Thus, even though the King's Mountain militiamen who were Overmountain are often referred to as "volunteers," they also included conscripts, a fact that may have contributed to the high rate of desertion after the battle. (desertions on the way to and during the battle appear to have been minimal). Most historians who have acknowledged this ( 8) have attributed it to their having had excellent reasons for having "faded off" off into the woods after the battle i.e., back home, their families had been left unprotected from Indian attacks. Also to be considered is the fact that their past Indian service had always been concluded upon achieving their goals, and the men freely permitted to depart immediately.
In the case of King's Mountain, however, after the battle, their leaders were burdened with hundreds of Tory prisoners whom the militiamen were expected to guard, and the precipitate departures of the Overmountain men were undoubtedly a major cause for the equally rapidly diminishing numbers of prisoners. ( 9)
Also to be remembered is that the Revolutionary War was, not just a rebellion against the English, but a Civil War, and King's Mountain not a battle between Englishmen and Americans, but American against American, neighbor against neighbor, and kinsman against kinsman. ( 10) There were only a handful of Englishmen present at King's Mountain, and even some of them, although English-born, had been residents of the colonies prior to the onset of the War, providing yet another possible explanation for the high numbers of Tory prisoners who managed to escape.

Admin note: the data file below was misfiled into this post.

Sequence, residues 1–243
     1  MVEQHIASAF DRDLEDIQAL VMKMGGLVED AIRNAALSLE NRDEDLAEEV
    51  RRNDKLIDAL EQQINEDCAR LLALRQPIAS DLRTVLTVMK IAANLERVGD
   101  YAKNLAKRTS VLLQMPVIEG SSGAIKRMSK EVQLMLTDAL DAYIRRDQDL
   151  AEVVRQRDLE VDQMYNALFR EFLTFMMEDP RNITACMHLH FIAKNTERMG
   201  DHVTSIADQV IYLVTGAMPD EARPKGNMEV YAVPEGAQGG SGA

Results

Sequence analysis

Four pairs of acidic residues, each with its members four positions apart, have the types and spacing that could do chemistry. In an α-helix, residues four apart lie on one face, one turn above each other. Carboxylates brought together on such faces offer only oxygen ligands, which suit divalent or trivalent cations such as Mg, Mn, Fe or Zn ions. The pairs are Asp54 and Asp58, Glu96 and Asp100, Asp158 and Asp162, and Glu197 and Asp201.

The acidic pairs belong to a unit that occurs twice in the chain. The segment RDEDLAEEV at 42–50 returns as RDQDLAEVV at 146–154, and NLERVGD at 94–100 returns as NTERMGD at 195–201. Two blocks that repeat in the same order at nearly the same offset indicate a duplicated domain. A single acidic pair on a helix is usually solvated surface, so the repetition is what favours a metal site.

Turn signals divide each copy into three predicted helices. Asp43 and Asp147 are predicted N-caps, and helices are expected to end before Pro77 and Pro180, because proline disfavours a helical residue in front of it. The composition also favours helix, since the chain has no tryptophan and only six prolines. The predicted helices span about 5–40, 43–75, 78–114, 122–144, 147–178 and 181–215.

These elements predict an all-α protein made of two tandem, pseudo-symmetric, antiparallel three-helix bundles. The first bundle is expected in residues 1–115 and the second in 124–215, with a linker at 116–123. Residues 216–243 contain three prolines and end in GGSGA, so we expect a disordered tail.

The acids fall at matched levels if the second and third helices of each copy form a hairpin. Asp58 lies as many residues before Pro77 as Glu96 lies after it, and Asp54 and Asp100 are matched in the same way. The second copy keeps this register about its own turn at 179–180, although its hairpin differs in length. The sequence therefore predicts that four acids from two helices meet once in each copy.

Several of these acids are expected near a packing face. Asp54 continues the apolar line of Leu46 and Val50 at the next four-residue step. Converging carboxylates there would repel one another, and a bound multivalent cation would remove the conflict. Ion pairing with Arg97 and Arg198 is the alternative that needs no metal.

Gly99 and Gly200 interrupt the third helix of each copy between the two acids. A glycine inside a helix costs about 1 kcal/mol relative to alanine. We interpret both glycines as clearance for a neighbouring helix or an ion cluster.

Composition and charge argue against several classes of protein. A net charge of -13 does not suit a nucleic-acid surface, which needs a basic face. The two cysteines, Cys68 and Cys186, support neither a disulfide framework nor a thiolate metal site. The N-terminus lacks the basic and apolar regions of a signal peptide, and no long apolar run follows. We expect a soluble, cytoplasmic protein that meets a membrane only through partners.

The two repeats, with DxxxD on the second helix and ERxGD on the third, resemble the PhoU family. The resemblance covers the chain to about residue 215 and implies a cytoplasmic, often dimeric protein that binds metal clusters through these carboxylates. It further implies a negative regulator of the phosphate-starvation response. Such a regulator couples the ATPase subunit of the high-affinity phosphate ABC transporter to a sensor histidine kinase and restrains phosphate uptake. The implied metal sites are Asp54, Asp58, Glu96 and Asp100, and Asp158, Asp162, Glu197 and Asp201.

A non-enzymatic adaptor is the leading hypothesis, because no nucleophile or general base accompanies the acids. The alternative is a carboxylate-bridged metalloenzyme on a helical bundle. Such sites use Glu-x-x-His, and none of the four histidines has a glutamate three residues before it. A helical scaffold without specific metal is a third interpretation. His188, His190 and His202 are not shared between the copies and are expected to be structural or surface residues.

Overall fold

While many Whig militiamen may have lauded the subsequent Tory hangings (as has been alleged) at Gilbert Town, many others may have been sufficiently shaken by this turn of events that they actively aided their Tory relatives and neighbors in escaping (rather than just turning a blind eye). ( 11)
All of these factors, and more, make the battle at King's Mountain much more than a flat, one-dimensional history, whether over-romanticized or dehumanized. The Men of King's Mountain, both Whigs and Tories, were menliving, breathing, human beings with cares and concerns not all that different from those of our brothers, fathers and grandfathers who served in later American wars, and it is the telling of their real stories that most honors them.
11 On Saturday 14 Oct 1780 at Gilbert Town, thirty Tory prisoners were tried and convicted by Whig Officers of various crimes allegedly perpetrated prior to the battle of King's Mountain, of whom nine were hung on the spot. (Lt. Anthony Allaire)